It’s January and the beginning of the New Year, but the weather has me thinking that I might have to pull the Toro back out of storage and mow my lawn. While I’m out working in the yard, I might also cut a bouquet of roses for the dining room table.
It’s rare to begin the month of January with such warm temperatures and mild conditions but I, for one, welcome this fleeting distraction from winter.
In early December, we experienced a couple of weeks of very chilly weather, with bouts of frost in the evening that lasted through the early morning hours. We were more often dry than wet. I still hesitate to say we have entered a state of complete dormancy because it is typical in the Pacific Northwest to go in and out of severe weather conditions over the winter.
Dormancy in our part of the world is fickle, coming and going with the rise and fall of our temperate climate. We share this phenomenon with Britain and much of western Europe, parts of the northeastern United States, New Zealand, eastern Asia and southern Chile. The hallmark of temperate zones is a relatively small fluctuation in temperature between seasons, with rain that generally falls all year-round.
Some of these areas experience quite different types of weather, depending on their position relative to the sea and winds. For example, although the northeast region of North America is at the same latitude as western and northern Europe, it lacks the warming influence of the North Atlantic Drift current. As a consequence, much of the northeastern seaboard of the U.S. is ice-bound during winter months.
These winter days are still shorter, but that is changing daily now that we have passed the winter solstice.
It’s especially difficult to be motivated to work outside when the days are colder and wetter than we might like. On those days, I have to force myself to get out in it and, once outside, to sustain the effort to get any garden work done. Once I get started, I can always find something to do in the garden.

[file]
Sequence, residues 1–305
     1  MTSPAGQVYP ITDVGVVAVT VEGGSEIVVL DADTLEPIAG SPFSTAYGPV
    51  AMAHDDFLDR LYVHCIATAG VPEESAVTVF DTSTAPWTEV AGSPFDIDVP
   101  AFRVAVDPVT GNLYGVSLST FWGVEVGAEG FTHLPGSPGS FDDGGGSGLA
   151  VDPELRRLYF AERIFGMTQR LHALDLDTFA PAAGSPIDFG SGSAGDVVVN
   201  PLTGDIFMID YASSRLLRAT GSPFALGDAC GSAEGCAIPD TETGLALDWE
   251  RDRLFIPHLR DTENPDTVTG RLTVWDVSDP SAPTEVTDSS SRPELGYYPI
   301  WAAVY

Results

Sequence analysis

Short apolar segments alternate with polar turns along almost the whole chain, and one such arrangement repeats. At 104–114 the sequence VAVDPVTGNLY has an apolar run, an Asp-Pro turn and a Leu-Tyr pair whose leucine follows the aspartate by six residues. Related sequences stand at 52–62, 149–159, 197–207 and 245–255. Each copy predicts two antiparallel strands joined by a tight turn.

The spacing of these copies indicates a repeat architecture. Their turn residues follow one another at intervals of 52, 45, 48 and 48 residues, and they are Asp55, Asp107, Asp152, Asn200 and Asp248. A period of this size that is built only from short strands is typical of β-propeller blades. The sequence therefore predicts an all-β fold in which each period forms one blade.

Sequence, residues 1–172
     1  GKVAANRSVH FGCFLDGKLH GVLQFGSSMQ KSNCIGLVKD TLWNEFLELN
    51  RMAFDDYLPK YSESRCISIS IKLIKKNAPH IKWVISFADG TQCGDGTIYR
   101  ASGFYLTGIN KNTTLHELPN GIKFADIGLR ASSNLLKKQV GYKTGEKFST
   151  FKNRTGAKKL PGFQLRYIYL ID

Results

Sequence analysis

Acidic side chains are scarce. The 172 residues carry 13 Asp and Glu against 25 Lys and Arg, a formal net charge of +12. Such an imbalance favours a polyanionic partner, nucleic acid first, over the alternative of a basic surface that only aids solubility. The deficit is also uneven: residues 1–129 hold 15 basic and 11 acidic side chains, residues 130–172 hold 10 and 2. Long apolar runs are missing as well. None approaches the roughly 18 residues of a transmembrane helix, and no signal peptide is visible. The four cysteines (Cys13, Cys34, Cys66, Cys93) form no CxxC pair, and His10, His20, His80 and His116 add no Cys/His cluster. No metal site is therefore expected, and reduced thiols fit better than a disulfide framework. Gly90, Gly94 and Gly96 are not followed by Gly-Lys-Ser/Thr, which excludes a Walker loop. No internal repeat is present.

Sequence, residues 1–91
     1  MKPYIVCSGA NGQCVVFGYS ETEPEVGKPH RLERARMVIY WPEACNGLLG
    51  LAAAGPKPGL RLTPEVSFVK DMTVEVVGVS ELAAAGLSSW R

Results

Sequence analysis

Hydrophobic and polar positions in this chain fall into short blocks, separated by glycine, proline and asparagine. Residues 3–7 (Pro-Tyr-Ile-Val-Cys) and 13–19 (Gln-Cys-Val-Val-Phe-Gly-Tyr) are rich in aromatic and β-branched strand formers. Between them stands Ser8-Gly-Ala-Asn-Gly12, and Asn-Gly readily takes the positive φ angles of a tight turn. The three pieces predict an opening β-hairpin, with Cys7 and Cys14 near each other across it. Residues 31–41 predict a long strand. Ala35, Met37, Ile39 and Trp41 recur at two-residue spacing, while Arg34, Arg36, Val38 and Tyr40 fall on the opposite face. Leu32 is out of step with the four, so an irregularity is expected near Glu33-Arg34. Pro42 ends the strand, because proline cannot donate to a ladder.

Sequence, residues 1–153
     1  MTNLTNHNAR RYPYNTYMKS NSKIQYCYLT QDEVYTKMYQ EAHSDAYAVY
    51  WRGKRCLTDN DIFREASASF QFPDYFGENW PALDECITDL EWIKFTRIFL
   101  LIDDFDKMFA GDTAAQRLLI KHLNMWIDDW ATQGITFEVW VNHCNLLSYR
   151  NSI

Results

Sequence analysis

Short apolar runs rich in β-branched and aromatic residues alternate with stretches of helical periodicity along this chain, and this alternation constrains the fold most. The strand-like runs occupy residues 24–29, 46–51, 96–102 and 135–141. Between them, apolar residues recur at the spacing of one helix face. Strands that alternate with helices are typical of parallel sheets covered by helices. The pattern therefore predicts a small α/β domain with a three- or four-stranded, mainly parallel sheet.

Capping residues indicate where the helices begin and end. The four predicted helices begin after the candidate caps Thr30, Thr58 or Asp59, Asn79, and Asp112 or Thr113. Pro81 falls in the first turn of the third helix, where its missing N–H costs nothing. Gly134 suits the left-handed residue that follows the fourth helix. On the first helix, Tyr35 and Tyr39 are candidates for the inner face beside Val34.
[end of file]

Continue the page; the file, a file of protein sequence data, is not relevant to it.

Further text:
Great time to mulch
One of the reasons we lose plants in winter is that they come out of dormancy too early and are subsequently killed by a late-season frost. During a cold spell in December, I encouraged fellow gardeners to add a protective mulch to flower beds and borders for this reason. The best way to insulate plant roots from frost is to cover the soil with an overcoat of compost or other mulch material.
Even so-called “hardy” plants, such as hardy fuchsias and roses, may benefit from an extra layer of protection over the crown. In addition, the mulch you add now will help prevent the onslaught of tenacious annual and perennial weeds. This is, by the way, the easiest time of year to apply a layer of mulch.
I’m convinced that the main reason people do not mulch their gardens is because they attempt to do so when the garden is filled with plants. It is more difficult to tackle this job in spring and summer. In winter, much of the plant material has died down to the ground or been cut back. When borders are clear of plants, it’s easier to spread on a layer of mulch.
The best mulch you can use is homemade compost. It’s inexpensive because it’s created from plant material collected over the past year from your own garden. Since you collected it yourself, you can be assured that the compost is clear and free of disease. Spread the compost two to four inches thick. At this time of year, it’s not necessary to dig it in to the ground. Once it’s in place, worms will get to work recycling the organic matter, pulling it down to improve your soil.
There will be winter days when the weather frustrates even the most stalwart gardener.
On days that you simply cannot face the elements, why not spend the time inside looking through all those garden catalogs you have accumulated over the last few months? Give yourself a couple of uninterrupted hours and take a journey into the world of garden possibilities. Once you weed through the abundance and choose between the superlatives, take the time to order and have your plants delivered to you about the same time planting season arrives.
Robb Rosser is a WSU-certified master gardener. Reach him at Write2Robb@aol.com.